He moved from Cairo back to his hometown of Mansoura, north of the capital, and in 2014 was detained and questioned by the military after being picked up at a checkpoint. One of the arresting officers mockingly sang his anti-army song "Taty Taty" ("When its protector becomes its thief, throwing his nation behind his back/Exploiting people's rights, supported by the army's uniform"). Over the weeks and months before his arrest, he received dozens of threats via social media from serving soldiers, who warned him that life was about to get ugly when he enlisted.

So when he received an invitation to perform in Finland in the autumn of 2014—and was able to get a visa to leave the country—Essam saw his chance. From Helsinki, he moved to Malmö, where he was given a safe-haven visa for two years. Soon after arriving, he released perhaps his most controversial song yet, "Aahd al-Ars" (Age of the Pimp), directed at el-Sissi and his supporters.

In 2017, Essam turned 30, meaning that under Egyptian law he is exempt from military service (provided he pays several hundred dollars in fines). After three years in Europe, he is now able to return to his homeland. What his friends, his fellow musicians and his family cannot understand is why he'd want to.

When Essam left Egypt, the el-Sissi regime was already beginning a crackdown on freedom of expression that by late 2017 appeared far more severe than anything that occurred under Mubarak. Some of Egypt's most prominent writers—including Alaa Abdel Fattah and Ahmed Naji—are in jail on trumped-up charges (for protesting without a permit and violating public modesty, respectively) alongside tens of thousands of political activists, critics and members of the outlawed Muslim Brotherhood.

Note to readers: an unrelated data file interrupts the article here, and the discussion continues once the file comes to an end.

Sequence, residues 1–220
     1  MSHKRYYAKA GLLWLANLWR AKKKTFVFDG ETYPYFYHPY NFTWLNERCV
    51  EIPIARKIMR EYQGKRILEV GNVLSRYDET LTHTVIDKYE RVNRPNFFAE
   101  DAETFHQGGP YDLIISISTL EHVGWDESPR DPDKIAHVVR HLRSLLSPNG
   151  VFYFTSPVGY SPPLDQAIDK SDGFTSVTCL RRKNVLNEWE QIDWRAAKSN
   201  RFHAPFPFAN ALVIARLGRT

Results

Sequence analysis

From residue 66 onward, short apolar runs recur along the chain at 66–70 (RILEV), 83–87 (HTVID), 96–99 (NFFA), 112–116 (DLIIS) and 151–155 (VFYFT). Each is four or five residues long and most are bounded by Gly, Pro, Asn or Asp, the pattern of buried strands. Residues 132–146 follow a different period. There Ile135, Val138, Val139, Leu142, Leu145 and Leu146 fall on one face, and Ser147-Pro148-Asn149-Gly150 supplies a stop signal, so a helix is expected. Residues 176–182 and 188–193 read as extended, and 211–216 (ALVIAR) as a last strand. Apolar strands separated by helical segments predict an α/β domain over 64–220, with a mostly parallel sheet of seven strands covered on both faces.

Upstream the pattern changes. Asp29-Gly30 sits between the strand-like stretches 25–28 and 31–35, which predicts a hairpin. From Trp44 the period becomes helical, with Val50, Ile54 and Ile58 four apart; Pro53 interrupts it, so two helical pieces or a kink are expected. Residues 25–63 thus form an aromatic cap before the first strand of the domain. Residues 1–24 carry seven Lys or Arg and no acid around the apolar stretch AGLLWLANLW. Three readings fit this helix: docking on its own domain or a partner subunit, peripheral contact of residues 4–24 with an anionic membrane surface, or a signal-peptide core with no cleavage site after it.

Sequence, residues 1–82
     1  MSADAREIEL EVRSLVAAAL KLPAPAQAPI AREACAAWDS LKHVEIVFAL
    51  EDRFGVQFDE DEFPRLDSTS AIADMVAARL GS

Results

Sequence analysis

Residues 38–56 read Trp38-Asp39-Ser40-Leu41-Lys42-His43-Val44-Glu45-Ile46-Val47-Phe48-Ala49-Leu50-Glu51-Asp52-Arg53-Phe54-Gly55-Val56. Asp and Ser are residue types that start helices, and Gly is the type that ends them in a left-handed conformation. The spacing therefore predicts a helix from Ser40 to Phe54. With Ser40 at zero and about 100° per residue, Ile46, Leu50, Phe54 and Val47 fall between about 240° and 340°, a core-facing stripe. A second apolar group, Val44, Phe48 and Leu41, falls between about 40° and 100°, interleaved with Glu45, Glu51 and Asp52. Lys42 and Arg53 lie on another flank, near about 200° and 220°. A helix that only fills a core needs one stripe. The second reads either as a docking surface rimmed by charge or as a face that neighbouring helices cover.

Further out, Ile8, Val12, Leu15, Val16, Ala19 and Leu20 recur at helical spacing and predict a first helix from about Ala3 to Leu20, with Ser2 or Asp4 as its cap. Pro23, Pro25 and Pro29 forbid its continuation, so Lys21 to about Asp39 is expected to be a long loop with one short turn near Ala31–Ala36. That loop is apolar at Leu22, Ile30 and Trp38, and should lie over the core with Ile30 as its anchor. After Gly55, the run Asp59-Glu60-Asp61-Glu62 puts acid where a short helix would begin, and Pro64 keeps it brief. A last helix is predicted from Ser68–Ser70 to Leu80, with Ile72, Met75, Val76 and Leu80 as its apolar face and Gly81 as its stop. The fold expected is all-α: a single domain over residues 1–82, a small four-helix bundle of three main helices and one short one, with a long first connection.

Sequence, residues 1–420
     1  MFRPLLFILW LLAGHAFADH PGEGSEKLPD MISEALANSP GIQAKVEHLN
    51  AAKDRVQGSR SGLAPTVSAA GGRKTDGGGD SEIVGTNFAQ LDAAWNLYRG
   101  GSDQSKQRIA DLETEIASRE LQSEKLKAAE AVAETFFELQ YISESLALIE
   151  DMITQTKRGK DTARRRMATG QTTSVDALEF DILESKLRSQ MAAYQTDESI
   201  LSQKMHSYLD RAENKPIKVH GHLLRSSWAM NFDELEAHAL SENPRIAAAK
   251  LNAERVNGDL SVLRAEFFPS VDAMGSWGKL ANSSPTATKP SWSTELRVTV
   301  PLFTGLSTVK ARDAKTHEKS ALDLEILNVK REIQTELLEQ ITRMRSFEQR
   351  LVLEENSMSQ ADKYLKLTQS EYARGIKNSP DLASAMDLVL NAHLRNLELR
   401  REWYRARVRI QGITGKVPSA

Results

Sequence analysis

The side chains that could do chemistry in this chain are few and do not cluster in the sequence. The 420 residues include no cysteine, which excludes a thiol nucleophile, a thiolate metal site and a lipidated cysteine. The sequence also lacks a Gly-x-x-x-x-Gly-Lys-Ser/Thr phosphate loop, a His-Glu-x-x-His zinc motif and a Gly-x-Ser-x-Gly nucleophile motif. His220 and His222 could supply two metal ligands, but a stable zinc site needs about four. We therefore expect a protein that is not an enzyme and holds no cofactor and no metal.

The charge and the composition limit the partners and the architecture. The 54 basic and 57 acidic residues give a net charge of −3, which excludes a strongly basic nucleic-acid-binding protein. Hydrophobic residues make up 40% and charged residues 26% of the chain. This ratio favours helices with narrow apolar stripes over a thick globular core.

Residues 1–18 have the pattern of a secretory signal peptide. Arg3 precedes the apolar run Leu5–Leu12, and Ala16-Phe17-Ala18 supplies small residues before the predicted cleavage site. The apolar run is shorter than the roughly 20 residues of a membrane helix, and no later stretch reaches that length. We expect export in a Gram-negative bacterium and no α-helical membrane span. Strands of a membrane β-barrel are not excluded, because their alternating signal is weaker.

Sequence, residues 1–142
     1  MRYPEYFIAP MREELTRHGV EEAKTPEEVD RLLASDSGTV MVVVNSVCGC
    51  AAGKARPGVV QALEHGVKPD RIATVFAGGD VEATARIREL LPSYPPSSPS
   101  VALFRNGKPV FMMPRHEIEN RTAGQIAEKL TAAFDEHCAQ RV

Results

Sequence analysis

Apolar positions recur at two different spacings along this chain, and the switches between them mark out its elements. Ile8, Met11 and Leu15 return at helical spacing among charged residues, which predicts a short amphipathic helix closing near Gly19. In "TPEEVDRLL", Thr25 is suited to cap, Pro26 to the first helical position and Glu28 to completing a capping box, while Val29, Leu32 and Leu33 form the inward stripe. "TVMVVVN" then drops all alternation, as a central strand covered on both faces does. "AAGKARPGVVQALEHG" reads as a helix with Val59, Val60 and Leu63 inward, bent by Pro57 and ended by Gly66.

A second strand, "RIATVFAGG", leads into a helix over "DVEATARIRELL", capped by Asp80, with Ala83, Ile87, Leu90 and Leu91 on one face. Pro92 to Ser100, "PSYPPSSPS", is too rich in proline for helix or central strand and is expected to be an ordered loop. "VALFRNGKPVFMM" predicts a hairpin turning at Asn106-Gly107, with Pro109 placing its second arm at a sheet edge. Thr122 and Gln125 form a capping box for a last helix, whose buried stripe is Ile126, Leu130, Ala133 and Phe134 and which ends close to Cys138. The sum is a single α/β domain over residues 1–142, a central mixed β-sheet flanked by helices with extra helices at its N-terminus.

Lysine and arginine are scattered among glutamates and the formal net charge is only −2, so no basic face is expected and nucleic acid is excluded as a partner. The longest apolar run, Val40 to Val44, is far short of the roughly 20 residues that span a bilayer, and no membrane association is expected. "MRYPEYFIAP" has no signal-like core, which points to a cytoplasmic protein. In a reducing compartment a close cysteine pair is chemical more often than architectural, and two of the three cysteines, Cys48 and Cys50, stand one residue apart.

In Europe, Essam has a network and growing critical acclaim. He has a home and a young son. He has what hundreds of thousands of refugees are seeking when they make dangerous journeys across the Mediterranean: a sanctuary. And yet, as he sits outside the theater in Edinburgh, all he can think about is his return.

"This is the biggest political statement I can make as an artist," he says. "It will take all of my songs and my message to a totally different level. If I stayed outside Egypt forever trying to reach that level, I'd never reach it."

Struggles and Scars

There are other reasons too. When Essam started out in Tahrir Square, the young musician drew his inspiration from the chants of the protesters. He was later influenced by the work of Ahmed Fouad Negm, the veteran Egyptian revolutionary poet who died in 2013 and wrote in the gritty slang of the Egyptian street. His songs were about Egypt: its songs, its streets, its struggles and its scars. In Europe, he feels more and more distant from that world.

"I am an artist. I sing about real shit, and I am living in Scandinavia, which is so peaceful and so safe," he says. "I left Egypt with so much passion that until today, I can sing for the movement. But if I stay one, two, three years more, I would be disconnected. I don't want to feel that."

Essam also misses Mansoura, his home city on the Nile. He misses the life and the music, the food, his family and his friends. He doesn't like to use the word exile when he describes his years in Europe. Essam simply wanted to avoid his military service, and now that he has done so, there is no reason not to return. "I want to go back home. I don't want to feel like an exile," he says.